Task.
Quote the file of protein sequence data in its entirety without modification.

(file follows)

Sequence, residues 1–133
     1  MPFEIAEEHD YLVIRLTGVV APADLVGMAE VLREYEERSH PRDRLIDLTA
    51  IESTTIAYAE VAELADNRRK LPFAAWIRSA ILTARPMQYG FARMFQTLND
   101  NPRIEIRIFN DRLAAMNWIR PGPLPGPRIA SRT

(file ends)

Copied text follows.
Sequence, residues 1–133
     1  MPFEIAEEHD YLVIRLTGVV APADLVGMAE VLREYEERSH PRDRLIDLTA
    51  IESTTIAYAE VAELADNRRK LPFAAWIRSA ILTARPMQYG FARMFQTLND
   101  NPRIEIRIFN DRLAAMNWIR PGPLPGPRIA SRT